Monolithic Kernel

The architecture used in the design of an OperatingSystem where one big kernel provides almost all necessary services for other user programs running. Most UnixOperatingSystems, including LinuxOperatingSystem, and other classic OperatingSystems use MonolithicKernel.

Given the criticism that MonolithicKernel is less flexible, less portable, and is error-prone, MicroKernel has become popular, mostly in academic circles. MonolithicKernel, though, is much easier to implement and shows better runtime performance than OperatingSystems based on MicroKernel. That's why many working OperatingSystems today still use classic MonolithicKernel.

Correct me if I'm wrong, but I've read somewhere that MicroKernel performs slower only because on x86 the ContextSwitch? is so expensive. On a PowerPC it's cheap (something to do with the amount of registers and rename registers, etc?) so MicroKernel works much better on it. MicroKernel is more dynamic (think upgrading some service without rebooting), has better error tolerance (restart a crashed service), and reduces system-wide stalls (things that don't have to be in the kernel are in multitasking processes), so speed on x86 is the only reason for the success of MonolithicKernel. AFAIK?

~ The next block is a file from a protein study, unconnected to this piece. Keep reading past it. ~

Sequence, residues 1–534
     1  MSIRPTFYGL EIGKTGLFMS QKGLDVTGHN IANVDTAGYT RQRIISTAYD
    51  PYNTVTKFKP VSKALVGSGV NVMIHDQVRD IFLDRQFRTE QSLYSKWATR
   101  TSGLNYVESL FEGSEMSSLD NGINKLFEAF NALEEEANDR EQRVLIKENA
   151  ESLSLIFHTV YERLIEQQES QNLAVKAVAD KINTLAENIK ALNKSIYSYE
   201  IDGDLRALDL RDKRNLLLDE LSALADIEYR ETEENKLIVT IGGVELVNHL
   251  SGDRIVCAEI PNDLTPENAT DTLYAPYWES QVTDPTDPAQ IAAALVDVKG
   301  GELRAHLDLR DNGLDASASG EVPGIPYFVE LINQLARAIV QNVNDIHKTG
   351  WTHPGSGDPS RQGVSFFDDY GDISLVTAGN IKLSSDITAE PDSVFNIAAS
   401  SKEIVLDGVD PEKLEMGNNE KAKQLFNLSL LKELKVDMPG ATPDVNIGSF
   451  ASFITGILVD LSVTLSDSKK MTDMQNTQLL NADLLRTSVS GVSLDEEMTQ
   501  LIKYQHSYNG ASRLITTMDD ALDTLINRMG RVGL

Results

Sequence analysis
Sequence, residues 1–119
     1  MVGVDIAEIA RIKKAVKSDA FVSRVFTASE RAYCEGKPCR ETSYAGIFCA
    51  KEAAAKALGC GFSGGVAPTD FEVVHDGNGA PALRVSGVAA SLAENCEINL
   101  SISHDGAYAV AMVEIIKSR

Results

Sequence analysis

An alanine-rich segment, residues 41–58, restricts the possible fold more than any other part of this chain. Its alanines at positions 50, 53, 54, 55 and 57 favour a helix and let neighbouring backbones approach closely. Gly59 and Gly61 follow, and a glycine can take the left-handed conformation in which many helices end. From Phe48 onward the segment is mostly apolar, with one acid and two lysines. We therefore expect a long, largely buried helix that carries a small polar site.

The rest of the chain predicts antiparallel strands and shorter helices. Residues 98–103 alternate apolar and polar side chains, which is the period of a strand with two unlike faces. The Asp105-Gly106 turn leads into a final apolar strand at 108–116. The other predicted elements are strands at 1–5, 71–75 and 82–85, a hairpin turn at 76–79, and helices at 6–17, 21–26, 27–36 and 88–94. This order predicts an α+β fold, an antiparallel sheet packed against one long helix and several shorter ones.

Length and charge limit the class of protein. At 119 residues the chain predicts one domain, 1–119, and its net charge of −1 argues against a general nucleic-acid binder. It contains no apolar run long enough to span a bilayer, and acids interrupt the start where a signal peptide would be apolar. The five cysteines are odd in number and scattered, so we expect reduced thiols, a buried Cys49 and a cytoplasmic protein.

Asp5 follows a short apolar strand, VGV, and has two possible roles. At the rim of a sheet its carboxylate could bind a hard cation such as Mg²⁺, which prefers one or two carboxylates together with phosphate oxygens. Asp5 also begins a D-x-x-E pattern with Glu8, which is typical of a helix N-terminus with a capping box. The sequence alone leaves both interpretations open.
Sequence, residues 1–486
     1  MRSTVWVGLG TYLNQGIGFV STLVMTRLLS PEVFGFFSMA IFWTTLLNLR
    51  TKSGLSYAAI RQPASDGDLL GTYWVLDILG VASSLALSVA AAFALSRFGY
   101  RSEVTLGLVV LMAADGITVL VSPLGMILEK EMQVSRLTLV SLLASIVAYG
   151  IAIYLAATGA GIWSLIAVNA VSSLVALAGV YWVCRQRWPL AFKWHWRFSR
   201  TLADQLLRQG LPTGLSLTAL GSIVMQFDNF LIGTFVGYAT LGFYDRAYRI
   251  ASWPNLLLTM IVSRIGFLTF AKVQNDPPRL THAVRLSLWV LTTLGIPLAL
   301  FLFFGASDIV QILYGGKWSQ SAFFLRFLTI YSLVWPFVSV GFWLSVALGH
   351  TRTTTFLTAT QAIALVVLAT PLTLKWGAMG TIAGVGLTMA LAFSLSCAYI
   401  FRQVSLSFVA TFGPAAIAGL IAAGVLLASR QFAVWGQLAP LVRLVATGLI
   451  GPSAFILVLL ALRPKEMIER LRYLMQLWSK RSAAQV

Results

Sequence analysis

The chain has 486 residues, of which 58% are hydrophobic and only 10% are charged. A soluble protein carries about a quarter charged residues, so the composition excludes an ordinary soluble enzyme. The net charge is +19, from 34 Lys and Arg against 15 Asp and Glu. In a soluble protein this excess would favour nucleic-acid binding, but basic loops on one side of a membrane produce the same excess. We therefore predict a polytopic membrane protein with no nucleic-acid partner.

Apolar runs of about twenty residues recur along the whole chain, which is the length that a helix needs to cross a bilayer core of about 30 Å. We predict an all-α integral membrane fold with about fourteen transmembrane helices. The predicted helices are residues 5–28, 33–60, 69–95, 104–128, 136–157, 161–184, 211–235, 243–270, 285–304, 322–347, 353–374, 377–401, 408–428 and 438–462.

See also LinuxKernel, WhatIsaKernel, OperatingSystemsDesign

View edit of April 15, 2014 or FindPage with title or text search